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Summary: The missing component of the contemporary church may well be discipline. The message explores the purpose and implementation of discipline in the church.

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“If your brother sins against you, go and tell him his fault, between you and him alone. If he listens to you, you have gained your brother. But if he does not listen, take one or two others along with you, that every charge may be established by the evidence of two or three witnesses. If he refuses to listen to them, tell it to the church. And if he refuses to listen even to the church, let him be to you as a Gentile and a tax collector. Truly, I say to you, whatever you bind on earth shall be bound in heaven, and whatever you loose on earth shall be loosed in heaven. Again I say to you, if two of you agree on earth about anything they ask, it will be done for them by my Father in heaven. For where two or three are gathered in my name, there am I among them.”

The opening words of the text read, “If your brother sins against you…” This is a third class conditional sentence; the first readers of this pericope would have understood that Jesus was presenting a probable situation that might confront a Christian at any time. The situation is not merely hypothetical, but rather, it is possible. It would be appropriate, therefore, to translate the words of Jesus with the English phrase, “Should your brother sin.” Keep this point in mind as the message progresses.

There is also a textual question that should be considered at the outset. Many manuscripts do not have the words “against you.” It is possible that these two words are an interpolation. If the words are genuine, then it indicates that sin against the Christian community is in view; and if the words should be excluded, then it is obvious that concern for the spiritual welfare of a fellow Christian is in view. In either case, the principle holds that as Christians we are each responsible to be aware of the spiritual condition of our fellow believers; we are each responsible for one another.

In speaking from this text, I am not seeking to review steps leading to congregational discipline; rather, I seek to clarify the basis for mutual responsibility to one another as a community of faith. My position is opposed to popular practise; I insist that we are responsible for one another and that our responsibility is so much more than mere words. We are responsible to be so concerned for one another that we cannot ignore self-destructive tendencies. To clarify my meaning, I direct you to focus on the text for the message—MATTHEW 18:15-20.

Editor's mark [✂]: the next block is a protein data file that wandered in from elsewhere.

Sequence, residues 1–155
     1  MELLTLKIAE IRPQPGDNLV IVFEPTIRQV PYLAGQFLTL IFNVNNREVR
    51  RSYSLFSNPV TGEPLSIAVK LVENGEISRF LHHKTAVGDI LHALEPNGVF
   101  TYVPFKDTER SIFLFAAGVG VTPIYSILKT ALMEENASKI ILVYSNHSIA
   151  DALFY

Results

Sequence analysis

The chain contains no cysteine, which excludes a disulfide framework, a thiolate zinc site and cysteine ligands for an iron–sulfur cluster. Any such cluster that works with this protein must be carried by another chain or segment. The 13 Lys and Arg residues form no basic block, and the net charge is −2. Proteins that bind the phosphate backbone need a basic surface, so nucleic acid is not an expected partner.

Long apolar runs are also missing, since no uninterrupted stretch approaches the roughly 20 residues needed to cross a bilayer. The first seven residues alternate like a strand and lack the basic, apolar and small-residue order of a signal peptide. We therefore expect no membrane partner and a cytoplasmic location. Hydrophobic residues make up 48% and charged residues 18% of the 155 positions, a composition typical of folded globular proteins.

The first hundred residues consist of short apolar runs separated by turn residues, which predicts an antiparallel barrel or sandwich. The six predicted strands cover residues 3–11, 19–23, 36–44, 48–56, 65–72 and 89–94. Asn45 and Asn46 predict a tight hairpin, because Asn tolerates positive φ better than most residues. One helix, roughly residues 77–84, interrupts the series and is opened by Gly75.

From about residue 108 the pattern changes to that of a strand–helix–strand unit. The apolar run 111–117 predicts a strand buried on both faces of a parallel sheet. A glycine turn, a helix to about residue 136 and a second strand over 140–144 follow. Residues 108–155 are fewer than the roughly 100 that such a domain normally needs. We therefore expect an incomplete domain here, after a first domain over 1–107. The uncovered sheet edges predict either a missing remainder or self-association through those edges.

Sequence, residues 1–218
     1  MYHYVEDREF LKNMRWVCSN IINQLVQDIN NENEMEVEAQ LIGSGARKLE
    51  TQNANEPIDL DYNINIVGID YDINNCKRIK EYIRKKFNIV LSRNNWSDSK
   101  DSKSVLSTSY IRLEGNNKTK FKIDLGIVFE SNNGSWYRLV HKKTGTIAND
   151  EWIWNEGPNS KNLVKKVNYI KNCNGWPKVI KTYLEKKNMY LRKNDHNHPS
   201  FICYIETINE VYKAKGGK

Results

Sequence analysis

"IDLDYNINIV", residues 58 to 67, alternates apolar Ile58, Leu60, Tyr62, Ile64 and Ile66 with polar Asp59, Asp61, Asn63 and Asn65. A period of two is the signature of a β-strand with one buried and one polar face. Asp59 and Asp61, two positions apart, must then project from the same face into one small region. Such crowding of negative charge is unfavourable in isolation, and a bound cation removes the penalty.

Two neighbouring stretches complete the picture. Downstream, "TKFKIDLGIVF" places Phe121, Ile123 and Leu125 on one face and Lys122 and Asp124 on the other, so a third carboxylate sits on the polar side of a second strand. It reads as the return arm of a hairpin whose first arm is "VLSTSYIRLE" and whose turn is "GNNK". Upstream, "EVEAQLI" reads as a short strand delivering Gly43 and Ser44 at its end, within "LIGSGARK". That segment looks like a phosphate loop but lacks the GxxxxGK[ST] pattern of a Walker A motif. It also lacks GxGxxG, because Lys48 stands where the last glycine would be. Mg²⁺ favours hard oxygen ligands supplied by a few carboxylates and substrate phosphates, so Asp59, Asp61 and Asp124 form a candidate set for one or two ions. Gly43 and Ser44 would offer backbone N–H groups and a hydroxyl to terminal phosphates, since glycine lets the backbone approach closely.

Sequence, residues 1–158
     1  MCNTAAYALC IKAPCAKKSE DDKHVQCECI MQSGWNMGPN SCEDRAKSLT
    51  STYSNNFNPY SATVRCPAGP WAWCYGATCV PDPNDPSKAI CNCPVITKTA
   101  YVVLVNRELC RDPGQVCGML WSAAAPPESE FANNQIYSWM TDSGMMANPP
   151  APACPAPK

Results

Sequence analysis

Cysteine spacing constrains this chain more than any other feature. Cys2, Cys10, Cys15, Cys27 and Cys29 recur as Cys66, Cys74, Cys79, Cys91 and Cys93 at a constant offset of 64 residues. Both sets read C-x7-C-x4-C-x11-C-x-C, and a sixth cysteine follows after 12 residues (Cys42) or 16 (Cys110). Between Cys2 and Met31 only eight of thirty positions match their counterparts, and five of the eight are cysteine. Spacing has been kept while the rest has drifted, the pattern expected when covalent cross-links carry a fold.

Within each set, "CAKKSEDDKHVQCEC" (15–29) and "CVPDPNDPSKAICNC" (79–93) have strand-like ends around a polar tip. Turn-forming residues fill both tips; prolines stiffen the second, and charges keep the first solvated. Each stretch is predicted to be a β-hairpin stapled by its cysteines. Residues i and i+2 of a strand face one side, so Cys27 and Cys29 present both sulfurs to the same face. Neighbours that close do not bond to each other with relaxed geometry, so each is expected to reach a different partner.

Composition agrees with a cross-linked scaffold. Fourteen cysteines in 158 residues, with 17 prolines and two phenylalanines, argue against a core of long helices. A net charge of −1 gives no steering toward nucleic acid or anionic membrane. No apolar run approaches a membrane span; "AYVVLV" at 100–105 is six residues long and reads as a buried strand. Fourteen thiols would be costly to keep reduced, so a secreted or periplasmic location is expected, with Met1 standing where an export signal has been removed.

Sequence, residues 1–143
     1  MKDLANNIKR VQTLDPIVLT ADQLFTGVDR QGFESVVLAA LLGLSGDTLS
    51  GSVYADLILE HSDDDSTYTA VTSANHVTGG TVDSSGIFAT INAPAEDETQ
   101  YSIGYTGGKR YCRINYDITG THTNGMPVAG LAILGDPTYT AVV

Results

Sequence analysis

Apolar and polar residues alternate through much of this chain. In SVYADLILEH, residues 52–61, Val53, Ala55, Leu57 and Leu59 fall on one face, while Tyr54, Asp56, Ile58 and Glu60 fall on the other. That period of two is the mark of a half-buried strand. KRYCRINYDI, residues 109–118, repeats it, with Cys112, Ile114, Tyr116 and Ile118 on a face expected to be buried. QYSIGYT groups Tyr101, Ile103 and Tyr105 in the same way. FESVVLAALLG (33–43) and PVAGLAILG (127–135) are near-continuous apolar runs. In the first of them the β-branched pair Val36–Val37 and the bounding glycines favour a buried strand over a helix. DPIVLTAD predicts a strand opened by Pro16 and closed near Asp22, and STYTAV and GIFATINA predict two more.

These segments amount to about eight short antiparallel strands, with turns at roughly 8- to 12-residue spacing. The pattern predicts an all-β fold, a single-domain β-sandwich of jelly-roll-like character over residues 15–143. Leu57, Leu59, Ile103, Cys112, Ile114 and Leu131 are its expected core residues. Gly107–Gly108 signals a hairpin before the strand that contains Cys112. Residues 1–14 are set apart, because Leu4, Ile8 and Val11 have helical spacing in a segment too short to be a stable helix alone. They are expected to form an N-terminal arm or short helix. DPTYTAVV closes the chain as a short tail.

In order to understand the text, I suggest that we need to understand the context. What are the principles that should stand out whenever we read this text? What standards should we embrace if we truly understand this text? We do not wish to ignore the text, which is too often done by contemporary pulpit. Neither do we wish to become legalistic in application of the text, an action that seems to be selectively applied rather frequently whenever a believer becomes angry toward a fellow Christian.

Keep three emphases of this text in mind—responsibility, relationship and reconciliation. Each of these emphases reminds us of a principle that must be held in mind if the teaching is to have validity. Responsibility is more important than rights. Relationship is more important than religion. Reconciliation, not retaliation, is the goal.

RESPONSIBILITY OVERSHADOWS RIGHTS — The instructions provided in our text emphasises responsibility—individual and corporate. Church members witnessing sinful behaviour in the life of another church member are responsible to rescue that saint and to seek restoration. Those believers offending are responsible to respond in a godly fashion. The entire congregation bears responsibility to act wisely and righteously if the issue should be referred to the assembly. Unfortunately, responsibility seems to be in short supply among contemporary churches.

Modern social engineers have indoctrinated an entire generation to expect that individual “rights” are the summum bonum of life. In modern life, the rights of the individual must be protected at all costs. The rights of a child during the education process are of greater importance than are the responsibilities of the child to learn. Children’s rights in society trump all responsibilities until at last they are declared adults, at which time they are expected magically to become responsible citizens. Unfortunately, the rights of adults, while not extending to the right to keep what is produced through their own labours, seemingly extend into the home and into the church.

Since the text especially focuses on the responsibility of Christians to “live in peace” [cf. 2 CORINTHIANS 13:11], our responsibility as believers will be the focus of our consideration as well. Do we need to be reminded that Christians do not “join” a church? Language such as this is political, reflecting the efforts of the modern state to regulate the churches of our Lord. What we witness in the Word is that people are “added to the church” [see ACTS 2:41, 47; see also, ACTS 5:14; 11:24]. If we “join” the church, then we have no particular obligation to the Body. Instead, we have rights, because we “joined.”

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